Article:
The first of 200 transformations of primary school classrooms into science laboratories has been completed as part of the Western Australian Government’s $17 million Science in Schools program.
Belmont Primary School, which is the first to reveal its new science laboratory, also received $25,000 to purchase laboratory equipment.
“Our focus on science in schools means more students across the state can take part in new learning experiences in a well-equipped, contemporary science lab, and teachers have more resources to plan hands-on activities,” said Education and Training Minister Sue Ellery.
The Science in Schools program will involve 200 public primary schools from across the state, selected based on their plans to grow and improve science education to skill students for the jobs of the future.
A total of 100 schools were allocated funding in the first round, with half of the allocated schools in low socio-economic areas.
“The generic skills students will learn in these new labs are vital for their future job prospects and for the state’s future economy,” added Minister Ellery.
From 24 July 2018, public primary schools can express their interest in the second round, which will see another 100 science laboratories delivered from 2020. . Expressions of interest will close on 17 August 2018.
Selected small public primary schools in Western Australia will receive funding grants for science equipment and resources to help students develop STEM skills such as teamwork, problem solving, creativity, independent thinking, critical analysis, initiative and communication.
In this video, published online by the University of Western Australia’s Centre for Education Futures, Science Communicator Maaroof Fakhri gives an in-depth presentation on how virtual reality and digital simulations might revolutionise STEM learning in the near future.
Last week, Stile Education and CSIRO launched a course of STEM learning lessons as a partnership initiative, trialed first by St Agatha’s Primary School.
The lesson content, which uses CSIRO’s Double Helix magazine as a platform, offers teachers and students integrated STEM learning material that aims to enhance learning outcomes in the area.
Stile Education CEO, Byron Scaf said the concept was developed following the success of the Cosmos-related offering the organisation had already developed for secondary students.
“When I started at Stile it was being led by Dr Alan Finkel, who has gone on to become Australia’s Chief Scientist,” said Mr Scaf, speaking with Education Matters a day after the launch event. “We began working on developing a tool that would make it easy for teachers to create their own fantastic lessons online. The idea wasn’t to create a platform for remote learning, but as a means for teachers to quickly and easily get content to, and receive questions from, their students in real time.”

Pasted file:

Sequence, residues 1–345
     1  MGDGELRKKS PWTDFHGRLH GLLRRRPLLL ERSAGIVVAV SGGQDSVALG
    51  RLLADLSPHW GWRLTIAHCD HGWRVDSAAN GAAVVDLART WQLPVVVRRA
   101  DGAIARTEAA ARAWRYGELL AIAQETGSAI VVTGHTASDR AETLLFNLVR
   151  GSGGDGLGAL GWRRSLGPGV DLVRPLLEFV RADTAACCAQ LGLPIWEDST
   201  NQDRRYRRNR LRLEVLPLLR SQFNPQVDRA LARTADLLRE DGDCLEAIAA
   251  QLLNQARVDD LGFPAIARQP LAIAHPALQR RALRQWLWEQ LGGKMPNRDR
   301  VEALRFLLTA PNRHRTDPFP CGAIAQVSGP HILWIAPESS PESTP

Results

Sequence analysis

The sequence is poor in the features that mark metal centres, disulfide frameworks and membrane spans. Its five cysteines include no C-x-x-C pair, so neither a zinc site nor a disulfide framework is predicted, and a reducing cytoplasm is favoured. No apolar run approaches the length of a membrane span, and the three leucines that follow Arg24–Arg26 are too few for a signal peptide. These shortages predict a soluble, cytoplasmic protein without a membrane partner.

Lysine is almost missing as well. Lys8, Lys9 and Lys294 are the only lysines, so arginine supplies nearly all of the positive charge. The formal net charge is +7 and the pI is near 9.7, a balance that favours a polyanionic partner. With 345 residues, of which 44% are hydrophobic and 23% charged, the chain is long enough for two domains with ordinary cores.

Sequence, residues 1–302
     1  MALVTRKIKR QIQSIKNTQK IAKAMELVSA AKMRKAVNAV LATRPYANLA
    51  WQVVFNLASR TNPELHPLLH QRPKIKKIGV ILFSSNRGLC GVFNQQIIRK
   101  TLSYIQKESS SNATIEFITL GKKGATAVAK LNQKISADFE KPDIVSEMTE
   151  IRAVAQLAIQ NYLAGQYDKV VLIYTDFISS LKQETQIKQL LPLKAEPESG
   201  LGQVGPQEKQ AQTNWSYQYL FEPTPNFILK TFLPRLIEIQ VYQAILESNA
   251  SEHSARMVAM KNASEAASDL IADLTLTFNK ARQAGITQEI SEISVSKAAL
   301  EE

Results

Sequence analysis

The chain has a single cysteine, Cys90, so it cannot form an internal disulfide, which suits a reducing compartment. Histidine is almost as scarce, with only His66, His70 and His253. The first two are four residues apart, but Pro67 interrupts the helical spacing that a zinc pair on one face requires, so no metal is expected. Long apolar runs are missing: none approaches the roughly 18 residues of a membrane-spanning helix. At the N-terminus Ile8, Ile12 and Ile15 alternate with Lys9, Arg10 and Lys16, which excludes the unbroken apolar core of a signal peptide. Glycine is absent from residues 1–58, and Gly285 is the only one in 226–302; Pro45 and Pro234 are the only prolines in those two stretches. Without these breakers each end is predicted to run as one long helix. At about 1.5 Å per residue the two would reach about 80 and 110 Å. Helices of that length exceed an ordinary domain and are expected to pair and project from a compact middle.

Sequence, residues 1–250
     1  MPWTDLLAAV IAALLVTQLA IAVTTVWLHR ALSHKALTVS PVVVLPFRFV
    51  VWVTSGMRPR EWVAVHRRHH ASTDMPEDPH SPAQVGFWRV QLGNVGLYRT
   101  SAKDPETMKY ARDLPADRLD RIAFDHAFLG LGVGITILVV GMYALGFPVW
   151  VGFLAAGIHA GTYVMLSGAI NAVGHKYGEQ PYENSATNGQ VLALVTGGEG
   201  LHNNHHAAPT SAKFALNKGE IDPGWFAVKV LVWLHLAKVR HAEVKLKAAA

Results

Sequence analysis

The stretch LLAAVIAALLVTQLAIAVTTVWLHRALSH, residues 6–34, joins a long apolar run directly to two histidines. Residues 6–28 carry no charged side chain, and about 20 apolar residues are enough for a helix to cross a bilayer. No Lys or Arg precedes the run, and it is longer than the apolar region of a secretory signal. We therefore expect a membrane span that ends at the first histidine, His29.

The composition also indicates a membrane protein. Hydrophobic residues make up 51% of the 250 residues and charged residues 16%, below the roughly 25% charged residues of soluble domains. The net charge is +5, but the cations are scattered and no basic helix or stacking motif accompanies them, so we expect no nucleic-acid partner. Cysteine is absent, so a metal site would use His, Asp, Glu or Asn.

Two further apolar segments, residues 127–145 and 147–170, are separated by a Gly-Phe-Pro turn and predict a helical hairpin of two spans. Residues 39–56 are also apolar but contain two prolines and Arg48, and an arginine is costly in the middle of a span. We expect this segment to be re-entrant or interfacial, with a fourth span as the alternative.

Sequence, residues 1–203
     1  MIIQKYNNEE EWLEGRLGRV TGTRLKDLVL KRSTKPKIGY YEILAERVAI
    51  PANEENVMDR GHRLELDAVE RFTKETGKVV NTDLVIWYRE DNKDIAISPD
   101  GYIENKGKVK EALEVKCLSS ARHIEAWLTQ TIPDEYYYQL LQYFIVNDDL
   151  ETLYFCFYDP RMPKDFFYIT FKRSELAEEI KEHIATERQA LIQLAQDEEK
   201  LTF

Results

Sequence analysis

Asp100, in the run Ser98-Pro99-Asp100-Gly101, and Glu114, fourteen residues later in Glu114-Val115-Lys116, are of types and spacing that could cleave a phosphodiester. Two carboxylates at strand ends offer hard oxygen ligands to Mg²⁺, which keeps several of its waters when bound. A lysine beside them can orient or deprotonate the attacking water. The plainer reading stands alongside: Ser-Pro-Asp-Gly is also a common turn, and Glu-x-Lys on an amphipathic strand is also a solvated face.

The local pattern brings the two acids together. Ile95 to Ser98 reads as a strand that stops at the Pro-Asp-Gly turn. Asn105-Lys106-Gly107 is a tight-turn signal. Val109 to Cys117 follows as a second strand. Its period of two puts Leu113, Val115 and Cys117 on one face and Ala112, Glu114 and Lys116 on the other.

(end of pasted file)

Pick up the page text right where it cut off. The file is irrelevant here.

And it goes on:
The ‘A-ha!’ moment came after the launch of Stile’s secondary school offering and the Ebola crisis hit Africa. According to Mr Scaf, Stile used Cosmos’s editorial to demonstrate the science of infectious diseases to students. The results were striking and immediate.
“The students really engaged with the material because they found it relevant; here was a real event they could put into context in their lives,” he said. “That program is available for years 7-10.”
The next mission was to replicate the success of this project for younger years. Hence, Mr Scaf and his team sought a partnership with CSIRO.
“We’ve been through a structured process in order to deliver a universally useful tool that teachers will find easy to integrate on any level,” Mr Scaf said. “We assembled an advisory committee of active teachers, as well as the teachers of those teachers going into primary schools, to ensure we were absolutely meeting the needs of as many classes in Australia as possible.”
The newly released Double Helix Lessons cover everything a teacher is required to teach in Grades 5 and 6 science, including natural disasters, energy and light, and the solar system. The lessons can be easily customised, and consist of a wealth of multimedia. But perhaps most interesting is the concept that Stile has implemented in order to take engagement with the material a step further.
“We’ve designed these lessons to include these really relatable characters that take the students on adventures – science adventures,” said Mr Scaf. “Now that we’ve completed our pilot program with St Agatha’s, we’ve been able to hear some of the feedback from both students and teachers. It’s incredibly exciting to hear the kids say they love it because our characters appeal to their age.”
“The overall result is that we’ve created a means to make it easier for teachers to do what they do best, enhancing their students’ educations. This in turn helps all children to gain access to a higher level of science education – and that’s what we’re most excited about.”
Last week, Education Matters shared findings from The Grattan Institute’s Mapping Australian higher education 2016 report alongside comments made by its Higher Education Program Director, Andrew Norton.
As politicians continue to spruik the benefits of refocusing Australia’s education focus on STEM learning, the Grattan Institute has suggested this shouldn’t result in pushing students towards science degrees.